Lundy Model: From Student Voice to Student Participation

“Meaningful student involvement is the process of engaging students as partners in every facet of school change for the purpose of strengthening their commitment to education, community and democracy.” – The Guide to Student Voice by Adam Fletcher

As an educator with 25 years of experience one of the undoubted benefits is the time that a summer break can provide. Those weeks away from school allow the opportunity for rest, reflection, growth and ultimately re-birth when the new school year beckons.

This summer is no different as we try to comprehend the impact of the pandemic on our communities and take in the full extent and ramifications of Ofsted’s review of sexual abuse in schools and colleges.

The impact of Covid-19 and the findings of the Ofsted review have reaffirmed two fundamental aspects of contextual safeguarding:

  • The need to place students at the centre of all that we do through providing them with the opportunity to use their voice
  • The expectation that we fulfil our responsibility to listen to and understand the life experiences of the young people under our care.

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The Lundy Model of Participation

Although providing students with a voice that will be heard is obvious and central to any safeguarding culture; how this is effectively achieved is not always clear or understood.

Lundy Model of Participation

(Lundy Model of Participation, Professor Laura Lundy, 2007)

Over the course of the next four weeks, we will run a weekly blog series that seeks to link the Lundy Model of Participation to The Student Voice Contextual Safeguarding tool. The framework is based on the child-rights model of participation developed by Professor Laura Lundy, Queens University, which provides guidance for decision-makers on the steps to take in giving children and young people a meaningful voice in decision-making. The framework supports schools and organisations to improve their practice in listening to children and young people and giving them a voice in decision-making. It is underpinned by:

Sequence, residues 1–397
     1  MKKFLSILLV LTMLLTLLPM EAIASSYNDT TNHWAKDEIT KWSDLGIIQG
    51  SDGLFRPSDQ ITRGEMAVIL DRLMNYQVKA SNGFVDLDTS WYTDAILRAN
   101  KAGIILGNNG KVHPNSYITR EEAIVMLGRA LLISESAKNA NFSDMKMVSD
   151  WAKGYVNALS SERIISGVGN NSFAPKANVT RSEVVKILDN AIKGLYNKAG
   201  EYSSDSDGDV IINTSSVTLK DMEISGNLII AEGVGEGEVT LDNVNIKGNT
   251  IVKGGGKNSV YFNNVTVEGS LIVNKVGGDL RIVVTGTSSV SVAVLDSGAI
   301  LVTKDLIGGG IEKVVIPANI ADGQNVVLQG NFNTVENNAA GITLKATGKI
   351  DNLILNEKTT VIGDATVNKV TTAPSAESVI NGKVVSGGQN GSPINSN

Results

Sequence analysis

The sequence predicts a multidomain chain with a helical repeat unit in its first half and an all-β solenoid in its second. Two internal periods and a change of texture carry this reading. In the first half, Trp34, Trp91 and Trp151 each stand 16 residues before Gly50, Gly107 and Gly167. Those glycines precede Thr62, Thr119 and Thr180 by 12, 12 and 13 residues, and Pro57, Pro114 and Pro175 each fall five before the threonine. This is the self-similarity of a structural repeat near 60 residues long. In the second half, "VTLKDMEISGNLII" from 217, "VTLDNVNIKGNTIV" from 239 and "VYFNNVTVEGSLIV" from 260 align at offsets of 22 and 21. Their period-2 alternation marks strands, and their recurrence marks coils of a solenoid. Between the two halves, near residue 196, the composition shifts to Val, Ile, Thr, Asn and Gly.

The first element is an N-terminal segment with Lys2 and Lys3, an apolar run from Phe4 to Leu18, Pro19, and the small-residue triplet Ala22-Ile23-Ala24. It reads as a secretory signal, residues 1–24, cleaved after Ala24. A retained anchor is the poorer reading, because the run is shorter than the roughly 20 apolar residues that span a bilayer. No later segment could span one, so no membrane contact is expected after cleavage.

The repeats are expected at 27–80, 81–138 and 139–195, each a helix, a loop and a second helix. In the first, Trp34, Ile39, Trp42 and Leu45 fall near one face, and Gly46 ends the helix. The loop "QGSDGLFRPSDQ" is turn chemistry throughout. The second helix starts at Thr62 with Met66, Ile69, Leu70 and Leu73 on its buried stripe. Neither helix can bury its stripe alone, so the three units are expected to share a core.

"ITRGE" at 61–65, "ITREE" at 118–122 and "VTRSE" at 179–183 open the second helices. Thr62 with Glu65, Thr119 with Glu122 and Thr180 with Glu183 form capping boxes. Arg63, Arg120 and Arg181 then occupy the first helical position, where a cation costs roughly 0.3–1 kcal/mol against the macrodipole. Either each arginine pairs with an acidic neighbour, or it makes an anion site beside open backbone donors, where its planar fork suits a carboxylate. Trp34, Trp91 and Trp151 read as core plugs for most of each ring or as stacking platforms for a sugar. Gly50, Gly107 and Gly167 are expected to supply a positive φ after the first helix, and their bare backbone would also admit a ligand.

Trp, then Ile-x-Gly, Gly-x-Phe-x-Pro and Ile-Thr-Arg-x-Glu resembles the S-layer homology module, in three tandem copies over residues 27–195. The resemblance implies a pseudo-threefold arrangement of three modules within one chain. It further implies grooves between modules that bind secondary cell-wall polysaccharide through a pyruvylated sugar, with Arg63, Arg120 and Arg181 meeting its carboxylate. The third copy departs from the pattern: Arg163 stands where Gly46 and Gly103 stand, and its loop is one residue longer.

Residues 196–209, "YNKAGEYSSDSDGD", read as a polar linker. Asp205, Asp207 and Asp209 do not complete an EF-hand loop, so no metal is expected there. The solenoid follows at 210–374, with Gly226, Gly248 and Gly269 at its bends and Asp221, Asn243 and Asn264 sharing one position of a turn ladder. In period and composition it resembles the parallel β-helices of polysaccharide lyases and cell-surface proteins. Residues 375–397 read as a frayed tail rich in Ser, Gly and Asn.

• The United Nations Convention on the Rights of the Child (1989)
  • The United Nations Convention on the Rights of Persons with Disabilities (2006)

Participation with purpose means that when children and young people are involved in decision-making, their views are listened to, taken seriously and given due weight with the intention of leading to an outcome or change. The framework gives guidance on implementing participation with purpose by explaining:

  • What participation is and what it is not
  • How to involve children and young people in decision-making
  • How to ensure the involvement of seldom heard children and young people in decision-making
  • How to follow-up and give feedback to children and young people
  • How to be realistic with children and young people

The Lundy Model Four Elements

The model has four elements which have a rational chronological order, and we will dedicate a weekly blog to each section of the model:

SPACE: Children must be given safe, inclusive opportunities to form and express their view

VOICE: Children must be facilitated to express their view

AUDIENCE: The view must be listened to

INFLUENCE: The view must be acted upon, as appropriate

We look forward to going on this learning journey of reflection as we continue to seek ever more effective ways of developing strong safeguarding cultures that seek to address and prevent future harm.

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